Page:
Craig Wright, the self-professed creator of Bitcoin, allegedly plagiarised the vast bulk of his 2017 doctoral thesis, according to a research article.
At least 30 pages of Wright's thesis—including an entire chapter—constitutes "substantial, deliberate plagiarism," alleges a pseudonymous researcher dubbed "Paintedfrog."
"Wright plagiarized huge swaths of content and reworded it to avoid automated detection tools. In most cases, he simply substituted synonyms every few words," he stated, in the blog post.
“There’s nothing new here, this has been gone over many times and simply isn’t true,” a spokesperson for Wright told Decrypt.
The researcher points to the "Data Mining Desktop Survival Guide," a book first published in 2004 by Professor Graham Williams. Comparing two excepts—one from Wright's thesis and one from William's book—Paintedfrog highlights some fairly conspicuous similarities.
The researcher maintains that other examples of plagiarism are evident throughout the thesis, adding that none of the allegedly copied materials were cited.
In one instance, the researcher declares that Wright erroneously copied over grammatical mistakes made within another source.
Other examples include charts and diagrams allegedly lifted from multiple origins.
The university will investigate
Paintedfrog provided Decrypt with an email conversation between himself, Cornell university professor Emin Gün Sirer and multiple professors of the Charles Sturt University, which Wright attended.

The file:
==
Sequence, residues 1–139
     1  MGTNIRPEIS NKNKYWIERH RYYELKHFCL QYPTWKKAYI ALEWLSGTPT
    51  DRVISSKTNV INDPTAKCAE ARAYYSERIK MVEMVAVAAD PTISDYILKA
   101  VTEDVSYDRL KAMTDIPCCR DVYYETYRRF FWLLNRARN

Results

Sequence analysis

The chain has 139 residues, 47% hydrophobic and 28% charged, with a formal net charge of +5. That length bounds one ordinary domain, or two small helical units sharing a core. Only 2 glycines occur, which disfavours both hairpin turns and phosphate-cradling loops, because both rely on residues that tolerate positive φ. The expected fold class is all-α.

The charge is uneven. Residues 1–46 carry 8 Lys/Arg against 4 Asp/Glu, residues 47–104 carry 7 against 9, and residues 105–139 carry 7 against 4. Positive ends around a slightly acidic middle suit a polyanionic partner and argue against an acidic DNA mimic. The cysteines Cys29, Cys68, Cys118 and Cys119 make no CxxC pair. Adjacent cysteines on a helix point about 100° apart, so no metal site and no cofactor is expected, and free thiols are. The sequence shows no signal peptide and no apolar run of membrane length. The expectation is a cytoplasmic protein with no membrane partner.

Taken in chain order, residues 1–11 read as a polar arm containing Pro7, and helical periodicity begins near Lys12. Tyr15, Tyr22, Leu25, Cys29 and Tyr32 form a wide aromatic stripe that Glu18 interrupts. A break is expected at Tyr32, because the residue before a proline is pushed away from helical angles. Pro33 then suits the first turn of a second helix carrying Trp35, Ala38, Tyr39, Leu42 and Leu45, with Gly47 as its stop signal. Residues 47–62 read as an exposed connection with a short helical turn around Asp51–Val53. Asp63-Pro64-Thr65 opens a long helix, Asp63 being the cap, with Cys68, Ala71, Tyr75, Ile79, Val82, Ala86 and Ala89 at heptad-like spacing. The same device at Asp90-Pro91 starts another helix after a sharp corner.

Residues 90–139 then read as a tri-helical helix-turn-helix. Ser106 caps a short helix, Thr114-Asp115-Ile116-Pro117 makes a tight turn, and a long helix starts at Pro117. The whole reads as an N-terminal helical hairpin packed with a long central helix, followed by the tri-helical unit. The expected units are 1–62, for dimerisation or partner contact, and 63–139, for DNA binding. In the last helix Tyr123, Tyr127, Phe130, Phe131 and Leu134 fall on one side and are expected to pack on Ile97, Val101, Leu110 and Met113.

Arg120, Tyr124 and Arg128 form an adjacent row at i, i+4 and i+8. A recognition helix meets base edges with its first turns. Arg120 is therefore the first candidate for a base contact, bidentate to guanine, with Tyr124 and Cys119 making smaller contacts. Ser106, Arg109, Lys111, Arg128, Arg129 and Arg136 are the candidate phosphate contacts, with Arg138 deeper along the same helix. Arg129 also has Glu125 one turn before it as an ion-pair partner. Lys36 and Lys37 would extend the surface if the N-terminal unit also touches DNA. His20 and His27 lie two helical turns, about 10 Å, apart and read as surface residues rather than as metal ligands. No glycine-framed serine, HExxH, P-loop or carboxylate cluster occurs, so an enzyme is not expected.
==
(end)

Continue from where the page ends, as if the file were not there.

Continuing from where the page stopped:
"Thank you for bringing this to our attention. We take plagiarism issues very seriously. We’ll investigate this case and decide a course of action as per our academic integrity policy," wrote Professor Tanveer Zia PhD SFHEA, associate head at the School of Computing and Mathematics.
Paintedfrog had emailed the university informing them of his research. He explained, "I am writing anonymously because of the frequent legal threats and retaliation for which Wright is well-known." Wright has sued multiple members of the crypto community for calling him a fraud.
He also copied in Sirer in case the university had any questions. "You'll be judged not by what slipped through the cracks, but by your reaction to it after you saw the inescapable evidence," Sirer wrote to the university.
This isn't the first time Wright has been embroiled in a plagiarism scandal. Wright's 2008 law dissertation was similarly questioned by Paintedfrog in early April.
Similar to the new analysis, the researcher cited plagiarism ranging from a simple rephrasing of existing material to similarities between entire chunks of work.
The research came out just days after a date was set for Wright’s trial over his billion-dollar court battle. A court case in which he was criticized for allegedly...submitting forgeries.
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Update: The email conversation between PaintedFrog and the university has been added to the article.
Update: Comment from Wright's spokesperson.